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Possible Duplicate:
Deflate command line tool

Yes, I know I can use PHP itself on the shell, but I need this functionality in a script that is deployed before PHP is available.

I've tried gzip and unzip but either my parameters are incorrect or they plain just don't use the same compression.

I want to use this in a bash script. Going into a higher level scripting language isn't an option.


I wrote the following PHP script for testing purposes:

#!/usr/bin/php
<?
  $contents = file_get_contents( $argv[1] );
  $data = gzuncompress( $contents );
  echo substr( $data, 0, 20 ) . "\n";
?>

This outputs what I expect (the beginning of the decoded data).

If I pass the same file to gunzip:

$ gunzip -c data
gzip: data: not in gzip format

If I try unzip:

$ unzip data
Archive:  data
  End-of-central-directory signature not found.  Either this file is not
  a zipfile, or it constitutes one disk of a multi-part archive.  In the
  latter case the central directory and zipfile comment will be found on
  the last disk(s) of this archive.
unzip:  cannot find zipfile directory in one of data2 or
        data2.zip, and cannot find data2.ZIP, period.

As suggested, and given that there is no other practical way, I went with the solution presented in the related question.
But given that I wanted to avoid moving to another scripting language (and introducing another dependency) I went with all of them:

_uncompressedData=
if hash perl 2>&-; then
  echo "Using Perl for decompression..." >&2
  _uncompressedData=$(perl -MCompress::Zlib -e 'undef $/; print uncompress(<>)' < compressed.bin || true)
elif hash ruby 2>&-; then
  echo "Using Ruby for decompression..." >&2
  _uncompressedData=$(ruby -rzlib -e 'print Zlib::Inflate.new.inflate(STDIN.read)' < compressed.bin || true)
elif hash php 2>&-; then
  echo "Using PHP for decompression..." >&2
  _uncompressedData=$(php -r "echo gzuncompress(file_get_contents('php://stdin'));" < compressed.bin || true)
elif hash python 2>&-; then
  echo "Using Python for decompression..." >&2
  _uncompressedData=$(python -c "import zlib,sys;print zlib.decompress(sys.stdin.read())" < compressed.bin || true)
else
  echo "Unable to find decompressor!" >&2
  exit 1
fi

These 4 versions produced the exact same output with my test cases.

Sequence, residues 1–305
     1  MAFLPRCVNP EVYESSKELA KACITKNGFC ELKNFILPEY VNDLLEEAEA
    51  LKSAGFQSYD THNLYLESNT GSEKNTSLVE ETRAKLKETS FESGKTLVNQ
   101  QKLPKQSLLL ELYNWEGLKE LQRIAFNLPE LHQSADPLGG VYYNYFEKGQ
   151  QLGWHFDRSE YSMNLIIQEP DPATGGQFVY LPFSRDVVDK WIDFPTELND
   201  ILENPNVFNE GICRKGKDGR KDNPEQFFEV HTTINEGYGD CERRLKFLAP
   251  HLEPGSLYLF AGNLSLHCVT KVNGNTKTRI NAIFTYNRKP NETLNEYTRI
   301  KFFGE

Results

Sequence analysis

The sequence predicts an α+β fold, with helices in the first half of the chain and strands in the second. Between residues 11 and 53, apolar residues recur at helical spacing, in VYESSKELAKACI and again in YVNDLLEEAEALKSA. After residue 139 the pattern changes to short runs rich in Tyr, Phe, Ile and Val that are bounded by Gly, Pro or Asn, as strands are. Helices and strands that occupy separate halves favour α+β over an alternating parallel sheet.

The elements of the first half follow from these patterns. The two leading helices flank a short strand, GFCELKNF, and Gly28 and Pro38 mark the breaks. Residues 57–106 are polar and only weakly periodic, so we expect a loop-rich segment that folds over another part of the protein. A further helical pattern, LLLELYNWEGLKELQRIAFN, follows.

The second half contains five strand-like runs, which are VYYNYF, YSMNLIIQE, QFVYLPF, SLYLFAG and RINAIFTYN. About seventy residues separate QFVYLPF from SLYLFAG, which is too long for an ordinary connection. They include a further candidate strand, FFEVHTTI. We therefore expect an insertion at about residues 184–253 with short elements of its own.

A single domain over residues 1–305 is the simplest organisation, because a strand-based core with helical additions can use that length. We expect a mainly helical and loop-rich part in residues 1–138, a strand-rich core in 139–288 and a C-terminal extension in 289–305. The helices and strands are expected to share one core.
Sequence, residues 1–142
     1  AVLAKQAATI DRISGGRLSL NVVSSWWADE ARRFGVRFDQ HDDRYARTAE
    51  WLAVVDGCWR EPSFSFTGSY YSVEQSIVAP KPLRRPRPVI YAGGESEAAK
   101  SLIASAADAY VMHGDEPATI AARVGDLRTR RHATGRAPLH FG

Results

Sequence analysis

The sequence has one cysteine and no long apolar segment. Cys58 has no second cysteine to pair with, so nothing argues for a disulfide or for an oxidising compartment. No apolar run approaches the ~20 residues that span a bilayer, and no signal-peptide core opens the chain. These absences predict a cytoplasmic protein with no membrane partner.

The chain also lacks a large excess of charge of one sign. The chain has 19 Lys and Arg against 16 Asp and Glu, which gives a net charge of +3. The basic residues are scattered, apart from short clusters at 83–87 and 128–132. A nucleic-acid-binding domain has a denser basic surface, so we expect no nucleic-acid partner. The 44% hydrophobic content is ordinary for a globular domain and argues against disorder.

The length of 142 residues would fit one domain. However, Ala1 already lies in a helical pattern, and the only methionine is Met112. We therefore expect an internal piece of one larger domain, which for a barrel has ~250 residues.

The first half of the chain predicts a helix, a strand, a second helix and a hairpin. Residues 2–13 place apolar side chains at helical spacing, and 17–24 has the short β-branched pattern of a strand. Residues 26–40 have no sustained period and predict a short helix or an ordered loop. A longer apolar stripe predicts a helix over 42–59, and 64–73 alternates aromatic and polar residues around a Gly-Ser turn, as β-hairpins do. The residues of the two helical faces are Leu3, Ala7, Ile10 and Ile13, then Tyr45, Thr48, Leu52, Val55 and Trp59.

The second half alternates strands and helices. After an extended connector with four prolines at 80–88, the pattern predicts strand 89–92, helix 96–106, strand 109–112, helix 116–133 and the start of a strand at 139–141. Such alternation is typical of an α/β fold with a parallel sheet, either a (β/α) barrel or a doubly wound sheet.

marked as duplicate by Ignacio Vazquez-Abrams, mario, nickb, hakre, Graviton Feb 8 '12 at 2:06

This question has been asked before and already has an answer. If those answers do not fully address your question, please ask a new question.

  • 1
    How do you use gzip? Try gzip -c /etc/motd | gunzip -c | diff /etc/motd - – yrk Feb 7 '12 at 21:54
  • Ironically, both gzip and zip use exactly the same algorithm. They just happen to have more than the raw data. – Ignacio Vazquez-Abrams Feb 7 '12 at 21:58
8

The format that gzuncompress expects is the raw zlib format without the gzip header. This is the format you get by default if you use the zlib library's C API.

You can uncompress this format using the zpipe command-line utility. The source code for this utility is found in examples/zpipe.c in the zlib source code distribution. But this program is not compiled and installed by default. There are no widely deployed command-line utilities that accept the raw zlib format.

If you want to use the gzip format instead (the one with the friendly header which gzip & gunzip deal with) from PHP then you need to use gzencode & gzdecode instead of gzcompress & gzuncompress.

  • Sadly, I do not control the compressed data. – Der Hochstapler Feb 7 '12 at 22:24
  • 1
    Then I'm afraid that, even though you said it wasn't an option, you have to consider bundling a utility like zpipe or using one of the scripting languages to do the decompression. The Deflate command line tool question linked to by Ignacio Vazquez-Abrams suggests methods for Python, Ruby, and Perl. Plus you know how to do it in PHP. – Celada Feb 7 '12 at 22:36
  • 1
    +1: Very complete answer. – hakre Feb 7 '12 at 23:11

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